Little-known aide guides Forbes on trail Hands-on: William Dal Col, national campaign manager for Steve Forbes, has a more active role than most campaign leaders.; CAMPAIGN 1996


DES MOINES, Iowa -- As political novice Steve Forbes faces his first formal test of voting strength tonight in Iowa's caucuses, at his side will be a little-known political operative who literally runs the Forbes campaign out of a briefcase.

He is William Dal Col, 39, a Cornell graduate in agronomy from Babylon, N.Y., who was chief of staff to former Bush administration housing secretary Jack Kemp.

As the Forbes national campaign manager, he travels almost constantly with the candidate. They met when Mr. Forbes was chairman of Empower America, the conservative think tank founded by Mr. Kemp and Reagan Cabinet member William Bennett, and Mr. Dal Col was the group's president.

Unlike most national campaign managers who sit behind a desk at the national headquarters and think deep strategy, Mr. Dal Col functions as Mr. Forbes' travel guide through the unfamiliar labyrinth of big-time politics, always on the lookout for potholes. DTC "It's unusual," Mr. Dal Col says, "but he's a brand-new candidate, with a new campaign."


The nearly $3 million that has been spent by the campaign in Iowa is Mr. Forbes' money. But among Mr. Dal Col's tasks is writing the checks, a job that, in other campaigns, usually falls to a green-eyeshade wearer at national headquarters.

"I sign the checks, keep the schedule, keep the budget and approve all scripts," he says. "Steve signs off on everything before it goes out."

Having the open Forbes checkbook at his disposal gives Mr. Dal Col a distinct advantage.

"We haven't discussed budget," he says, quoting Mr. Forbes' pat answer about money: "Being of Scottish descent, we'll spend what it takes to get our message out, and not a penny more."

Nationally, Mr. Dal Col says, $18 million was spent through the end of 1995, and some millions more in January.

With a huge chunk of that $18-plus million going into television and radio advertising, Mr. Forbes' operational hierarchy is surprisingly spare for a campaign accused by opponents of spending with abandon to buy the 1996 presidential election.

Lacking experience

Mr. Dal Col, who ran the Reagan-Bush campaign in New York state in 1984, heads a seven-member inner circle that has very little national campaign experience for a candidate who probably could hire the country's most prominent political consultants. Only Carter Wrenn, the controversial media man associated with hard-hitting negative commercials, is very well known in national politics.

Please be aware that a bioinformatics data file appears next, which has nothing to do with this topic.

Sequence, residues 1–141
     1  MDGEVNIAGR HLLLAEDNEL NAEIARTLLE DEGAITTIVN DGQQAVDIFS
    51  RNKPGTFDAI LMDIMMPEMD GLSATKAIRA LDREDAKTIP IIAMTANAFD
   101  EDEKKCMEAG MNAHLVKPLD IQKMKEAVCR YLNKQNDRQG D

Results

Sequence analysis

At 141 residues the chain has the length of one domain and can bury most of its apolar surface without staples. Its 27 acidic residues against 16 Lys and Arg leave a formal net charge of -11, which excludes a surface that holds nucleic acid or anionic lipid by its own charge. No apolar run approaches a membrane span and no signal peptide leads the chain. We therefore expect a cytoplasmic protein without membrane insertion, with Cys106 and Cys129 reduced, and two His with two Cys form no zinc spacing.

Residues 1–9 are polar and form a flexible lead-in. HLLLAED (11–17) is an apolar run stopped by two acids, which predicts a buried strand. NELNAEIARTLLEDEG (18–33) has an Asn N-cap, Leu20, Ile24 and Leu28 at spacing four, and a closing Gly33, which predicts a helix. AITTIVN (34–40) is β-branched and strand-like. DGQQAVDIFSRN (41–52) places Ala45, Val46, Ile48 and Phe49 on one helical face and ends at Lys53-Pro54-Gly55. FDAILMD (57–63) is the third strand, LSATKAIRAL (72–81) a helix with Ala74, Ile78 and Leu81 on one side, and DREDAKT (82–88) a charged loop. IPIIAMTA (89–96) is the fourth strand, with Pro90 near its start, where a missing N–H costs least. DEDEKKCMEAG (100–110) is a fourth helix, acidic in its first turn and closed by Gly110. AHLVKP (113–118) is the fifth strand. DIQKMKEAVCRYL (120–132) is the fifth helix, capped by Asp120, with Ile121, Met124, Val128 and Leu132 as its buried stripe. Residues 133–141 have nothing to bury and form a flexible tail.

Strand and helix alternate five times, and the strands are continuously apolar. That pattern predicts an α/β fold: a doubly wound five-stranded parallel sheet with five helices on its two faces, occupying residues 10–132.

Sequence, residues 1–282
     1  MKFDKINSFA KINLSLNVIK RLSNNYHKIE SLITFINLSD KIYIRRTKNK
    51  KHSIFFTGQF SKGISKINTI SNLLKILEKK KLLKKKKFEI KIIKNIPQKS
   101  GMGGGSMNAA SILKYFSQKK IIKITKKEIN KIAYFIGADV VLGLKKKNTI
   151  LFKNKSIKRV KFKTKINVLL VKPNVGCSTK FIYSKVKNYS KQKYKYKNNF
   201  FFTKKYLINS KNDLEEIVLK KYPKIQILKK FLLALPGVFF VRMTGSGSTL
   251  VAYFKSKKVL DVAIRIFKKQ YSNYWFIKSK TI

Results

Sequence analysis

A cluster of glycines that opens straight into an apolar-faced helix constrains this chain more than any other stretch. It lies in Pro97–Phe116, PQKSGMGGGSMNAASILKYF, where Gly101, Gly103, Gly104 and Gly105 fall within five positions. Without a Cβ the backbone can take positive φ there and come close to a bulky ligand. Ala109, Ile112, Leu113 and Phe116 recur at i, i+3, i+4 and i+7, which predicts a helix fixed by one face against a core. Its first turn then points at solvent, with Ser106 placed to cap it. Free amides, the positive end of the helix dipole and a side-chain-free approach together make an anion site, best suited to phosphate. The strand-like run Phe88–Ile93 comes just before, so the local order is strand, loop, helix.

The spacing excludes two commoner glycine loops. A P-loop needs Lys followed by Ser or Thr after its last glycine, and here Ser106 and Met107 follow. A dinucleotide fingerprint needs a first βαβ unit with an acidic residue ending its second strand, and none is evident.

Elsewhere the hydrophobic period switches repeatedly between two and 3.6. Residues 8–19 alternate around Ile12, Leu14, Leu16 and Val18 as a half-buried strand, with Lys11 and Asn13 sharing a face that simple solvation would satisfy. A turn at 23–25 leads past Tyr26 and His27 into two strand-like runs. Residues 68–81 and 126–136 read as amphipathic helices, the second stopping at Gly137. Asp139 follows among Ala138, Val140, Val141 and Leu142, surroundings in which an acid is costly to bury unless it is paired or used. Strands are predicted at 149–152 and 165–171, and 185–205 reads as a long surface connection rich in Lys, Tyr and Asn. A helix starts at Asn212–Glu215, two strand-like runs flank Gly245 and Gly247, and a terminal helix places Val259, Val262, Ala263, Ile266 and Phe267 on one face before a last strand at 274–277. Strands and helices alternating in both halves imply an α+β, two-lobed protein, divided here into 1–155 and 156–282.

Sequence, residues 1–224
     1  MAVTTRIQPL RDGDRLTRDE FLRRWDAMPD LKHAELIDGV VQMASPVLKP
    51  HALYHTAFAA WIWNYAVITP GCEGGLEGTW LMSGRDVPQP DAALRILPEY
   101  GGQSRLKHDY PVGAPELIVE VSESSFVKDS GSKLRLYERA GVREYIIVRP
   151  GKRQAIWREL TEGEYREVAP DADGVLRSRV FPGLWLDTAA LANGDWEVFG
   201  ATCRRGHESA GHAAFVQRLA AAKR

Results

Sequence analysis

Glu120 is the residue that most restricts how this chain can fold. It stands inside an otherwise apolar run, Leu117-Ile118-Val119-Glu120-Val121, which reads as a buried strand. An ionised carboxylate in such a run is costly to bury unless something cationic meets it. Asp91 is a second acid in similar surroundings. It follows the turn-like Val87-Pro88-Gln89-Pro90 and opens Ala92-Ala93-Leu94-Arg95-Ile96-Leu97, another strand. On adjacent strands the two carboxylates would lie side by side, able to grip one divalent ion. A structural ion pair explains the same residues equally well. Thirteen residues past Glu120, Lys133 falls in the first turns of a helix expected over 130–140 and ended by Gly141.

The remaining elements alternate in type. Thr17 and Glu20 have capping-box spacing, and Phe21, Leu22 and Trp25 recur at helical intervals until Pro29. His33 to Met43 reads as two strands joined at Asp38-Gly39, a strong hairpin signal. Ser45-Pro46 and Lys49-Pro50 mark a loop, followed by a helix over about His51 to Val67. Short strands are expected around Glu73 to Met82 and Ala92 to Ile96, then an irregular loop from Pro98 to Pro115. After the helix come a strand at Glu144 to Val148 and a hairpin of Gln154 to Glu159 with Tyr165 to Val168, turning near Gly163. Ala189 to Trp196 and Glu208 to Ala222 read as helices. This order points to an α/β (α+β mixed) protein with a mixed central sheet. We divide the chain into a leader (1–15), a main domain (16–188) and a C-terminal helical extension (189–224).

The others are Mr. Forbes himself, brother Tim Forbes, pollster John McLaughlin, Forbes magazine editor Gretchen Morgenson as press secretary and former Reagan speechwriter Josh Gilbert. Last July, former Ronald Reagan campaign manager John Sears had preliminary talks with the candidate but plays no role today, Mr. Dal Col says.

The campaign headquarters is in Somerset, N.J., but with Mr. Dal Col traveling with the candidate, this inner circle functions usually through what he calls "teleconferences." He insists that Mr. Forbes is his own chief strategist, deciding what to say and when, and what television and radio ads to run and when, even to the final editing of all scripts.

Such a modus operandi would be a severe task for an experienced campaigner, let alone a novice like Mr. Forbes. But Mr. Dal Col insists that his boss takes on all this detail work himself. The candidate's ability to deliver his long stump speech repeatedly word for word without a script is possible, Mr. Dal Col says, because it originated in Mr. Forbes' head.


The campaign's early media strategy, using positive ads focusing on Mr. Forbes' proposal for a flat 17 percent income tax with an exception of $36,000 for a family of four, was widely

credited with Mr. Forbes' steep climb in the polls. But a switch to negative advertising against opponents Bob Dole and Phil Gramm in late fall, after a further boost for Mr. Forbes, has come under increasing criticism for content and frequency.

The Des Moines Register reported yesterday that its Iowa Poll found that 46 percent of voters surveyed now have a generally unfavorable view of Mr. Forbes, compared to only 26 percent about two months ago. Mr. Dal Col says the attack ads were planned all along but were triggered by Mr. Dole misrepresenting the Dole record.

The Forbes strategy of negative advertising has been answered in kind by Mr. Dole and other candidates, causing widespread expressions of disgust from Iowa voters, who in the past have taken pride in high-road campaigns conducted here.

The risk for Mr. Forbes is that his early image as a political outsider bringing a fresh voice to the process will be undermined by the negative tone of the campaign to which he has greatly contributed.

Mr. Dal Col, like most campaign managers, insists that the Forbes ads are not negative, only "comparative," matching opponents' records with their words and deeds. But pure comparative ads usually match one candidate's words or record with those of another on a given issue.

Whatever the outcome of tonight's Iowa caucuses, Mr. Forbes ** says it will be on to New Hampshire's Feb. 20 primary and beyond to the Republican convention. And Bill Dal Col, the itinerant manager, will be at his side, on the lookout for political potholes.

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